Cambodians can still be arrested, charged, jailed or fined for Facebook posts under criminal defamation, royal defamation laws, or incitement.

“I think it’s natural to have fear, but when I see someone is arrested for saying something on social media I don’t feel comfortable. I think that people should feel free to express themselves,” said Kounila Keo, a Cambodian blogger and communications consultant.

Prime Minister Hun Sen has amassed over 10 million followers on Facebook.

Sam Rainsy, the exiled former CNRP leader who ran in the 2013 elections, claims that many are not even Cambodian and may be fake online profiles generated abroad – an accusation the prime minister refutes.

“What [the prime minister] said … ‘When you post, I can know the location’ – it’s one of the funniest things I’ve heard from him,” Ngeth said. “Using Facebook to know the location, it’s not possible,” Ngeth said.

Prime Minister Hun Sen and members of the CPP are using Facebook to bypass traditional news media such as newspapers, radio and television, viewed as hostile to the government, to reach Cambodians directly with their messages.

“The prime minister and other public figures campaign on Facebook,” said Ngeth.

Back at the Politikoffee debate, the upcoming cybercrime law is considered for discussion in a future forum.

Meng wants members to be able to communicate online without being punished for spreading “fake news” for commenting on the draft law.

“Now we’re thinking about [developing] a new tool, or a new kind of app, that we can be sure will be safe for us to talk about any issue because we mostly discuss politics,” Meng said.

“We’re not doing anything to harm society. We’re doing it to make society a better place, especially [for] youth to be able to share ideas and contribute.”

Published @AlJazeera

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Cambodia 2018 Election Report: ‘The Crackdown Continues’ – CBC The World this Hour

PHNOM PENH – July 29, 2018 was Cambodia’s sixth general election since the UN organized the country’s first free and fair elections in 1993.

For the last 25 years, Cambodia’s Prime Minister Hun Sen has used elections as a way to legitimize his rule (33 years and counting). In 2017, the main opposition party was dissolved and its leader thrown into prison on treason charges.

Two local journalists and one Australian filmmaker – alongside political activists – languish inside jail cells under pre-trial detention.

Independent media in Cambodia has been shut down and forced to use its online platforms to inform citizens, in the Khmer language. But 17 of these news websites were ordered offline for 48 hours during the election.

Cambodia Election Report ‘The Crackdown Continues’ aired on CBC The World This Hour Monday, July 30, 2018.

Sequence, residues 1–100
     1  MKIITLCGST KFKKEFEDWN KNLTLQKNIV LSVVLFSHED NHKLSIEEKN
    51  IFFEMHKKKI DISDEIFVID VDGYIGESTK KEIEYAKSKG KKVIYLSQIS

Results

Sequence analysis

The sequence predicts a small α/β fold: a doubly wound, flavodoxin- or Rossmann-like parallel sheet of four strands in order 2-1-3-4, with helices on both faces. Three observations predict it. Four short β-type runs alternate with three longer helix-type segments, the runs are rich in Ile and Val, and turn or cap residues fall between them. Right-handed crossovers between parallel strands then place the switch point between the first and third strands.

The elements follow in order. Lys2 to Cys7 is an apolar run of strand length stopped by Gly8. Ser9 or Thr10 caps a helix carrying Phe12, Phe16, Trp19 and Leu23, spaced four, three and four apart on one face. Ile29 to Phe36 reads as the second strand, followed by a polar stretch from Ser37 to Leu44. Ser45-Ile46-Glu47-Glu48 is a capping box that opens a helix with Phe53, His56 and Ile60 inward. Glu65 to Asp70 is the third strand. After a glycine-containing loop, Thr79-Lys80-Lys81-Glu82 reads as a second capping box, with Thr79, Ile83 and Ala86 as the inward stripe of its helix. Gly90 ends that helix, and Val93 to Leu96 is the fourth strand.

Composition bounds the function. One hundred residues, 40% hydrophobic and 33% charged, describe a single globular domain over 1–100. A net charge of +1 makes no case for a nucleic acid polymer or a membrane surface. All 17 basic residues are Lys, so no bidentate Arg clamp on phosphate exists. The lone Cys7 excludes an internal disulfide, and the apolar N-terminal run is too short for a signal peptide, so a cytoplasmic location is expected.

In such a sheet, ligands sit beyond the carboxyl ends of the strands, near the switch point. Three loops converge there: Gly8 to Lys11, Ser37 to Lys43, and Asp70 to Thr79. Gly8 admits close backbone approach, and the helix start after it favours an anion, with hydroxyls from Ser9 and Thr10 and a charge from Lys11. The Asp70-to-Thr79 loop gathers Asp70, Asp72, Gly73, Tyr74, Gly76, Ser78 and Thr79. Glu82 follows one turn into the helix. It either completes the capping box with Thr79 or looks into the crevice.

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Cambodia’s Election Targets Social Media – CBC The World this Weekend

PHNOM PENH – The government of Cambodia’s new ministerial decree bans “fake news” from social media.

Prime Minister Hun Sen has vowed police will arrest and prosecute Cambodians spreading false information online – such as members of the banned opposition party’s plan to boycott the July 29th elections: dubbed “the clean finger” campaign.

Now it’s monitoring and filtering Cambodians online according to some of the country’s most prominent social media users. Featuring Catherine Harry from A Dose of Cath (pictured); Samoeurth Seavmeng from Politikoffee; and Mory Sar from Cambodia Youth Network.

This story aired on CBC The World this Weekend Saturday, July 21, 2018.

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The UN Wants Thousands of Myanmar Refugees to Return Home

Here’s what’s waiting for them.

2018-06-22 14.16.53

Thant Zin Maung, 49, at his home in Yangon, Myanmar

YANGON, Myanmar – I met Thant Zin Maung at his modest home in Hlaing Township, a low-income district in Myanmar’s old capital, Yangon. I was in Myanmar to figure out if the United Nations’ claims that parts of the country were safe enough for the nearly 100,000 refugees currently living in camps in neighboring Thailand to return were true.

Maung, 49, was one of the earliest returnees, choosing to move back to his native Myanmar after spending a decade in a refugee camp on the Thai-Myanmar border.

He opened his front door, cinching his longyi—a traditional cloth—tight around his stomach before explaining how he ended up in a Thai refugee camp in the first place. For Maung, it all started back in August of 1988. On August 8, 1988—8/8/88—student-led protests seized Yangon, then the capital of Myanmar, that called for the end of military rule. The military responded with harsh crackdowns. An estimated 3,000 protestors were killed, and another 10,000 fled the country. Maung was one of them.

“I left Myanmar because I was involved in the 1988 democracy protests,” Maung said. “But I went to Thailand for work. Legally.”